Ukrainian troops, on the defensive for months, will soon counterattack as Russia's offensive looks to be faltering, a commander said, but President Volodymyr Zelenskiy warned that without a faster supply of arms the war could last years.
The Ukrainian military said early on Friday that 1,020 Russian troops had been killed over the previous 24 hours as they launched unsuccessful attacks on the towns of Lyman, Avdiivka, Mariinka, and Shakhtarske. But their main focus was still the mining town of Bakhmut.
"The enemy has not stopped its assault of Bakhmut," Ukraine's General Staff in a report.
Russian forces have for months been trying to capture Bakhmut as they seek to extend their control over eastern Ukraine, in Europe's deadliest infantry battle since World War Two.
Ukrainian forces have held them off, as they did again in Avdiivka, Mariinka and Shakhtarske, among the 80 Russian attacks that Ukrainian defenders repelled over the past day, the military said.
There was no immediate word from Russia on the latest fighting and Reuters could not verify the battlefield reports.
Ukraine's top ground forces commander Oleksandr Syrskyi said earlier his forces would soon begin a counter offensive after withstanding Russia's winter campaign.
He said Russia's Wagner mercenaries, who have been at the front of Moscow's assault on eastern and southern Ukraine, "are losing considerable strength and are running out of steam".
"Very soon, we will take advantage of this opportunity, as we did in the past near Kyiv, Kharkiv, Balakliya and Kupiansk," he said, listing Ukrainian counteroffensives last year that recaptured swathes of land.
There was no immediate response from Moscow to suggestions its forces in Bakhmut were losing momentum, but Wagner boss Yevgeny Prigozhin issued statements in recent days, warning of a Ukrainian counterassault.
Reuters journalists near the front north of Bakhmut saw signs consistent with the suggestion that the Russian offensive in the area could be waning. At a Ukrainian-held village west of Soledar, on Bakhmut's northern outskirts, the intensity of the Russian bombardment noticeably lessened from two days earlier.
"It was really hot here a week ago, but in the last three days it has been more quiet," said a Ukrainian soldier who used the call sign "Kamin", or "Stone".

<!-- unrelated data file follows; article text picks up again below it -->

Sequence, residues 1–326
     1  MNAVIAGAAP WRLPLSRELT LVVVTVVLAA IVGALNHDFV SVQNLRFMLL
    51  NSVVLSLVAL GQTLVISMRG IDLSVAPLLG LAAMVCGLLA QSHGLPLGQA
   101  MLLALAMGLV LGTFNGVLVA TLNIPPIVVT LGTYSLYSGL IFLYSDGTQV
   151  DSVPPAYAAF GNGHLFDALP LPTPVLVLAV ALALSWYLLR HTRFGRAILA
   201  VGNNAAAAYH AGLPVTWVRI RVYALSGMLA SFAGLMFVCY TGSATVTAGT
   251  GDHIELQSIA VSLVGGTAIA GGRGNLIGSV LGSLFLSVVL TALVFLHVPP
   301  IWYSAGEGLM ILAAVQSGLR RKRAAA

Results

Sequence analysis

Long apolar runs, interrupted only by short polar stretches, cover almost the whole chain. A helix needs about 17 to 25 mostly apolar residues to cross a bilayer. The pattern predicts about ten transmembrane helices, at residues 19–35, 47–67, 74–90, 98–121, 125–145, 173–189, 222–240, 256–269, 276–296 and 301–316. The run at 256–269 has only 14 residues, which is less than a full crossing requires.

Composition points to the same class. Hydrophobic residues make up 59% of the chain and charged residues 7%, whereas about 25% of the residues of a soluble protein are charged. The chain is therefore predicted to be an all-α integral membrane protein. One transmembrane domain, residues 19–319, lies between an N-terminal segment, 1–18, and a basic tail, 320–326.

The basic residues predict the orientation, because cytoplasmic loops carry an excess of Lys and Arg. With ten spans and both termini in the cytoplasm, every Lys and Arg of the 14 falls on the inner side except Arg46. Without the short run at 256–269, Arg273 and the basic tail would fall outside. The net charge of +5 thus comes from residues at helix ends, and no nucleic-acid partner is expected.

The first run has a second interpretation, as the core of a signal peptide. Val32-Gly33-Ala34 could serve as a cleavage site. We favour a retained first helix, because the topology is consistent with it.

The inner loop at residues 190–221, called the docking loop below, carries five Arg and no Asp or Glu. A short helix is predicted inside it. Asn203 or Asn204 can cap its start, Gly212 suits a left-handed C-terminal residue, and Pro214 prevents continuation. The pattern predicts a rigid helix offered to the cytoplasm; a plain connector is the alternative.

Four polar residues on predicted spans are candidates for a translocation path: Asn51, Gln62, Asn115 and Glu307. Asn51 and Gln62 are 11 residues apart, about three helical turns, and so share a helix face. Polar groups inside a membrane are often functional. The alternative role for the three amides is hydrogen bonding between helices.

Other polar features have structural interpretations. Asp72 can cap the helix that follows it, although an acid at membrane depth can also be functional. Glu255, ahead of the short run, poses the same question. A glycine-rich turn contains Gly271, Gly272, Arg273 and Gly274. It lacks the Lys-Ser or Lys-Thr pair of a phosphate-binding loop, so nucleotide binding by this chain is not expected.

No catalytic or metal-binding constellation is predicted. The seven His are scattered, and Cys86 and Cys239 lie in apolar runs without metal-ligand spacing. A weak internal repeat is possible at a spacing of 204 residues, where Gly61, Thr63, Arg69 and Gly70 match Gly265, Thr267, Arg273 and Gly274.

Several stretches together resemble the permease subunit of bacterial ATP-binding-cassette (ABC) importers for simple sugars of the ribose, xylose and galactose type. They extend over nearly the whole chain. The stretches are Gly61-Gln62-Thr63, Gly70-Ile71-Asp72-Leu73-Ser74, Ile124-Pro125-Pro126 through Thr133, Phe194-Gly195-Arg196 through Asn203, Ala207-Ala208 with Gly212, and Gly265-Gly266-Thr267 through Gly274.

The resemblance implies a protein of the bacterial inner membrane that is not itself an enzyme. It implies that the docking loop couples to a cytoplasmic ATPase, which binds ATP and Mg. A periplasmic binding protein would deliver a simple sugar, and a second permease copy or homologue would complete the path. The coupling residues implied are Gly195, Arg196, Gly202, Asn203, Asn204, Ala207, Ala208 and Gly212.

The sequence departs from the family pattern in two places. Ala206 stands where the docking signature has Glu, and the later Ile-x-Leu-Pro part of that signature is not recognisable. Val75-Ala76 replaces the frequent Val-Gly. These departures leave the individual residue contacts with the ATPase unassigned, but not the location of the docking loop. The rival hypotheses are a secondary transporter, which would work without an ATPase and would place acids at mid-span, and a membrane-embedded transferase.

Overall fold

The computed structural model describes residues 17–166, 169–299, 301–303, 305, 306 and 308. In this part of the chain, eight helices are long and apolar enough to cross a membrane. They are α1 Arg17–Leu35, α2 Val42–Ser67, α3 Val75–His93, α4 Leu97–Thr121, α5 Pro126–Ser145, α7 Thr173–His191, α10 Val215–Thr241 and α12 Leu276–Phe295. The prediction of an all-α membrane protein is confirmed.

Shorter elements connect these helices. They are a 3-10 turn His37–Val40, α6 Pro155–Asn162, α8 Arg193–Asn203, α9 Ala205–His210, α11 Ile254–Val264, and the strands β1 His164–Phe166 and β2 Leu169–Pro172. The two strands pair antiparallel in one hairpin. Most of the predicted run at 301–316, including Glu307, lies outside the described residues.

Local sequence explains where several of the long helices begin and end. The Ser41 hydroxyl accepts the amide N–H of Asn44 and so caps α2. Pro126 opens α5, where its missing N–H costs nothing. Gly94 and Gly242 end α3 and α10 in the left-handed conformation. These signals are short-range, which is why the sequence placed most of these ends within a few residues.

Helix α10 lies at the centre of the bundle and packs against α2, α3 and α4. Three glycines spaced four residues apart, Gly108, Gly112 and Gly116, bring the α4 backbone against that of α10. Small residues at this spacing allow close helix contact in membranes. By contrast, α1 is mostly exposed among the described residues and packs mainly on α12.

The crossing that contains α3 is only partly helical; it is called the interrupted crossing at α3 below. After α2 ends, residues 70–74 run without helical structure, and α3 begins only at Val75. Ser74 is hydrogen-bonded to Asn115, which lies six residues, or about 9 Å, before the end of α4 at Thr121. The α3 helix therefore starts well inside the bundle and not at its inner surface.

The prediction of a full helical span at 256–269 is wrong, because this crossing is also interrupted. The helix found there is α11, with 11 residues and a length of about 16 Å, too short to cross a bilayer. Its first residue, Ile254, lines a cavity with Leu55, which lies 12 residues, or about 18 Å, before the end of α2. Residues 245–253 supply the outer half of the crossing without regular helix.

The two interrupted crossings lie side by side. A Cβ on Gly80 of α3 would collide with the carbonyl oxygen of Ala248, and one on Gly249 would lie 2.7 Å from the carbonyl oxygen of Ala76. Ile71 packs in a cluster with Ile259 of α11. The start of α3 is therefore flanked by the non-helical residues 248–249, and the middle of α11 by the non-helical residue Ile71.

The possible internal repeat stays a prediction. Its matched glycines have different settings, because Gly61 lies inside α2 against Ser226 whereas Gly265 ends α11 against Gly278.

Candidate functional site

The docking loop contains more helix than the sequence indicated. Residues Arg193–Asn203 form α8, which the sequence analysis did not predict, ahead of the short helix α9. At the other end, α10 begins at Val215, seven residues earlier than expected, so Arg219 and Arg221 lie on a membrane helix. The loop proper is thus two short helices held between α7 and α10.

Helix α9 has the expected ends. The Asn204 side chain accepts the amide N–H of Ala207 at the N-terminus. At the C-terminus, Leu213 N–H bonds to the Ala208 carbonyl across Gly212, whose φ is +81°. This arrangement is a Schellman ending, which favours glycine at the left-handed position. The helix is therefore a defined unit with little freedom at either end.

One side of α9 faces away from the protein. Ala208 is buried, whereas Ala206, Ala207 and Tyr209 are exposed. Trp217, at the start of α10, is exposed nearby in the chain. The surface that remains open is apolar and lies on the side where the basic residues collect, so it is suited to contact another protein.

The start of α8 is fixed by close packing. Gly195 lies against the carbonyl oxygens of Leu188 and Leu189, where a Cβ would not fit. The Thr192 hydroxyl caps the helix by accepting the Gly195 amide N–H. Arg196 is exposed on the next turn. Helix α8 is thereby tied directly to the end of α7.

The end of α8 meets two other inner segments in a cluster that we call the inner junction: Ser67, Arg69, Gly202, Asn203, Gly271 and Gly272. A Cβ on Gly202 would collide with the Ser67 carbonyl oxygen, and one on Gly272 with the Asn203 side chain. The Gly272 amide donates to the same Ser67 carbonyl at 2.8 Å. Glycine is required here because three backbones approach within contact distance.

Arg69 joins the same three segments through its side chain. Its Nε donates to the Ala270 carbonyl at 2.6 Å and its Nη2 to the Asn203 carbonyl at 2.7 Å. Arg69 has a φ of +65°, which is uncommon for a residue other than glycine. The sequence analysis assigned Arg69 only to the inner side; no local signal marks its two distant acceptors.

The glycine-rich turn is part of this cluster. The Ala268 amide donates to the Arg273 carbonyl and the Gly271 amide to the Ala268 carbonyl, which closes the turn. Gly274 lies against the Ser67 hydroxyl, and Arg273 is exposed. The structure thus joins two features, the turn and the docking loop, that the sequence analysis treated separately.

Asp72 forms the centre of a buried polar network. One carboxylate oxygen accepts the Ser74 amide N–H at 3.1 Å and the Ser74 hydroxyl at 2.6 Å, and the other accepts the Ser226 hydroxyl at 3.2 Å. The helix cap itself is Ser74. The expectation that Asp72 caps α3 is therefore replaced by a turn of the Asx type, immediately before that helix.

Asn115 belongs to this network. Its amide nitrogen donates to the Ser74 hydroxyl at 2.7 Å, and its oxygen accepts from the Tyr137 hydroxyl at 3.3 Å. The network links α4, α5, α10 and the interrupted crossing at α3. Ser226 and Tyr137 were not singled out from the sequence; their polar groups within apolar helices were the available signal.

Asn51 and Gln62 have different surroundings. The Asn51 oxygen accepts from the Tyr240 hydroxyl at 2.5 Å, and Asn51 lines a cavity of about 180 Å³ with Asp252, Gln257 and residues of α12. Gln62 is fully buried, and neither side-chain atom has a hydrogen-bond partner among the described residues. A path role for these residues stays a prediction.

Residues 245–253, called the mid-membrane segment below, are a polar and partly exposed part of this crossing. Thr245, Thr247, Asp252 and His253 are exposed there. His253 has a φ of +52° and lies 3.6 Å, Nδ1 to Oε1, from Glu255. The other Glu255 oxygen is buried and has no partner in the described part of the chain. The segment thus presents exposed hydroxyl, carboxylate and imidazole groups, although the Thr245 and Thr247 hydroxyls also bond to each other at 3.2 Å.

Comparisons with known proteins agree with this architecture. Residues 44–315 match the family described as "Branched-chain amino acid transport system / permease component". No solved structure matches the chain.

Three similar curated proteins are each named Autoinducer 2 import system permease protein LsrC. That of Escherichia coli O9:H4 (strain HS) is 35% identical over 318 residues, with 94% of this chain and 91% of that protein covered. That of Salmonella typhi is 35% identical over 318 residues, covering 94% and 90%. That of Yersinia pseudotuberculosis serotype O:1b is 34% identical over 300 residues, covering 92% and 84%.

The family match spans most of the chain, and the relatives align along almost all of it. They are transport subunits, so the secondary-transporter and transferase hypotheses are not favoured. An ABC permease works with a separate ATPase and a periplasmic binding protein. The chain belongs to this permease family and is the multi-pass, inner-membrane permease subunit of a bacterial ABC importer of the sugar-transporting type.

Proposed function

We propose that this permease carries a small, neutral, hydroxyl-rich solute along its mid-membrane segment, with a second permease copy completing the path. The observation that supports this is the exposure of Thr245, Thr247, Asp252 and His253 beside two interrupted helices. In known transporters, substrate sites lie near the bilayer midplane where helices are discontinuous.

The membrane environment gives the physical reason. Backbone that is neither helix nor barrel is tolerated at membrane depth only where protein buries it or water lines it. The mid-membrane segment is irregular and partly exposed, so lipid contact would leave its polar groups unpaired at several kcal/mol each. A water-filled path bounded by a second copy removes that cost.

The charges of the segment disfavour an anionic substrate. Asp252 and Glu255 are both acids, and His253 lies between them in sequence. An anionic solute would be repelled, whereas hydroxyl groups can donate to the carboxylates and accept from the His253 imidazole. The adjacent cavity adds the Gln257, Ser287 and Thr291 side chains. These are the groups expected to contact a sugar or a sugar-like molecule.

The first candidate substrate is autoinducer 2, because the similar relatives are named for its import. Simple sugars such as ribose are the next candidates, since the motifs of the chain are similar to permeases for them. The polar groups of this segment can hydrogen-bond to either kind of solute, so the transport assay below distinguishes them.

"We can see this in the enemy's air strikes. If before there were five-six air raids in a day, today we had only one helicopter attack," said the soldier.
Zelenskiy said Europe must increase and speed up its supply of weapons, again calling for long-range missiles, ammunition and modern aircraft, and impose additional sanctions on Russia.
"If Europe waits, the evil may have time to regroup and prepare for years of war," a clearly frustrated Zelenskiy said on Thursday in a video address to European Union leaders, delivered from a train.
At the EU summit, leaders approved a plan agreed by foreign ministers on Monday to send 1 million artillery shells to Ukraine over the next year. They also discussed global food security and sanctions on Russia.
Britain has pledged to supply armour piercing munitions containing depleted uranium to help destroy Russian tanks, a step President Vladimir Putin said would force a response from Russia as the weapons had "a nuclear component".
Slovakia said on Thursday it had handed over the first four MiG-29 jets it has pledged to Ukraine, with the rest to be delivered in weeks.
A slowdown by Russia in Bakhmut could mean it is diverting its troops and resources to other areas.
Britain said on Thursday that Russian troops had made gains further north this month, partially regaining control over the approaches to the town of Kreminna. Intense battles were also under way further south.
Ukrainian military analyst Oleh Zhdanov agreed with that assessment. He said on YouTube that Russia's attacks on Bakhmut were decreasing, and it was shifting its efforts south to the town of Avdiivka.
Russia's forces have become more active in areas to the north in the Kharkiv and Luhansk regions as well as central Zaporizhzhia and southern Kherson regions, he said.
Zelenskiy had earlier on Thursday continued a tour of front-line provinces, visiting the Kherson region in the south a day after meeting troops near Bakhmut.
A video showed him meeting residents in Posad Pokrovske, a bombed-out village on the former Kherson front line recaptured in Ukraine's last big advance last year.
Russia invaded Ukraine in February 2022 in what it calls a "special military operation", saying Ukraine's ties to the West were a security threat. Since then, tens of thousands of Ukrainian civilians and soldiers on both sides have been killed.
Russia has destroyed Ukrainian cities and set millions of people to flight. It says it has annexed nearly a fifth of Ukraine. Kyiv and the West call the war an unprovoked assault to subdue an independent country.
(Reporting by Mike Collett-White west of Soledar, Pavel Polityuk in Kyiv and Reuters bureaux; Writing by Cynthia Osterman and Michael Perry; editing by Diane Craft, Robert Birsel)